Recently, the European Commission adopted a package of proposals to correlate the EU’s climate, energy, land use, transport, and taxation policies with a goal of reducing net greenhouse gas emissions by at least 55% by 2030, compared to 1990 levels. Previously, this figure was set at 40%. Achieving these emission reductions in the next decade will ensure that Europe becomes the world’s first climate-neutral continent by 2050.
These measures will copper fasten the European Green Deal, which was inaugurated by the EU Commission in December 2019, and which set a goal of making Europe the first climate-neutral continent by 2050. As a result of the EU’s existing climate and energy legislation, the EU’s greenhouse gas emissions have already fallen by 24% compared to 1990, while the EU economy has grown by around 60% in the same period, demonstrating a strong decoupling of growth from emissions.
Ireland’s better-than-expected economic growth will make the EU’s latest climate plan – ‘Fit for 55’ much more difficult to achieve notwithstanding the recent enactment of the Climate Action and Low Carbon Development (Amendment) Act 2021, which legally binds Ireland to net-Zero emissions no later than 2050, and to a 51% reduction in emissions by the end of this decade.
Key highlights of the EU’s proposals are as follows:
- Application of emissions trading to new sectors and a tightening of the existing EU Emissions Trading System; The EU Emissions Trading System (ETS) puts a price on carbon and lowers the cap on emissions from certain economic sectors every year. It has successfully brought down emissions from power generation and energy-intensive industries by over 42% in the last 15 years. The Commission is proposing to lower the overall emission cap even further and increase its annual rate of reduction. The Commission is also proposing to phase out free emission allowances for the aviation sector and include shipping emissions for the first time in the EU ETS. To address the lack of emissions reductions in road transport and buildings, a separate new emissions trading system is being set up for fuel distribution for road transport and buildings.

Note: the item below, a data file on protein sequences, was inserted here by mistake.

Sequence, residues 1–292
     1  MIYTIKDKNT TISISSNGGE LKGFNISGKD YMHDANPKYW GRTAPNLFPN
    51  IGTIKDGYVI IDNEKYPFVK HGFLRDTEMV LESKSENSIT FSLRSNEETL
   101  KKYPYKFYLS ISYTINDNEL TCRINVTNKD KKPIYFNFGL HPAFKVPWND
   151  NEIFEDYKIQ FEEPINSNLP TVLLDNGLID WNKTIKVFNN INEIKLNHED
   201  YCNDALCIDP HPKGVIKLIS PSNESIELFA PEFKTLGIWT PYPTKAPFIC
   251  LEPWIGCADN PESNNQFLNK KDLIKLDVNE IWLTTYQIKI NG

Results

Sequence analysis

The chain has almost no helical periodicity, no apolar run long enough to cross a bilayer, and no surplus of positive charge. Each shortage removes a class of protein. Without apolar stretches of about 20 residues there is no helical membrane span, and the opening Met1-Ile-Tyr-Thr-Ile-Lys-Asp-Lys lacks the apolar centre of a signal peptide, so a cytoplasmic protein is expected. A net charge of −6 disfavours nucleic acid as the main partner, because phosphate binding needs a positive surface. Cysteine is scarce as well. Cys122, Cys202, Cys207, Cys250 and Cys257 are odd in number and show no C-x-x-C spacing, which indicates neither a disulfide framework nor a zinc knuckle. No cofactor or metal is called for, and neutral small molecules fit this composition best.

- The Effort Sharing Regulation assigns strengthened emissions reduction targets to each Member State for buildings, road and domestic maritime transport, agriculture, waste and small industries. These reduction targets are based on each Member State’s GDP per capita, with adjustments made to take cost-efficiency into account.
- The Regulation on Land Use, Forestry, and Agriculture sets an overall EU target for carbon removals by natural sinks, equivalent to 310 million tonnes of CO2 emissions by 2030. The EU Forest Strategy sets out to improve the quality, quantity, and resilience of EU forests and aims to plant three billion trees across Europe by 2030.
- Member States must spend all of their emissions trading revenues on climate and energy-related projects.
- The Energy Efficiency Directive has set a more ambitious mandatory annual target for reducing energy use at EU level. It determines how national contributions are established and doubles the annual energy saving obligation for Member States. The public sector is required to renovate 3% of its buildings each year from an energy-saving perspective.
- The revised Alternative Fuels Infrastructure Regulation requires Member States to expand charging capacity in line with zero-emission car sales, and to install charging and fuelling points at regular intervals on major routes. Average CO2 emissions of new cars will be required to come down by 55% from 2030 and 100% from 2035 compared to 2021 levels. All new cars registered as of 2035 will be zero-emission.
- The Alternative Fuels Infrastructure Regulation stipulates that aircraft and ships must have access to clean electricity in major ports and airports. The ReFuelEU Aviation Initiative will oblige fuel suppliers to blend increasing levels of sustainable aviation fuels in jet fuel taken on-board at EU airports. Similarly, the FuelEU Maritime Initiative sets a maximum limit on the greenhouse gas content of energy used by ships calling at European ports.
- A revision to the Energy Taxation Directive proposes to align the taxation of energy products with EU energy and climate policies.
- A new Carbon Border Adjustment Mechanism will apply a carbon price on imports of a selection of products to ensure that proactive climate action in Europe does not lead to ‘carbon leakage’. This will ensure that European emission reductions contribute to a global emissions decline, instead of encouraging carbon-intensive production to move outside of Europe.
- A new Social Climate Fund will provide dedicated funding to Member States, which will be part-funded by the sale of carbon permits to help citizens buy cleaner cars, install solar panels in their homes or pay for public transport. The Social Climate Fund will be financed by the EU budget, using an amount equivalent to 25% of the expected revenues of emissions trading for building and road transport fuels.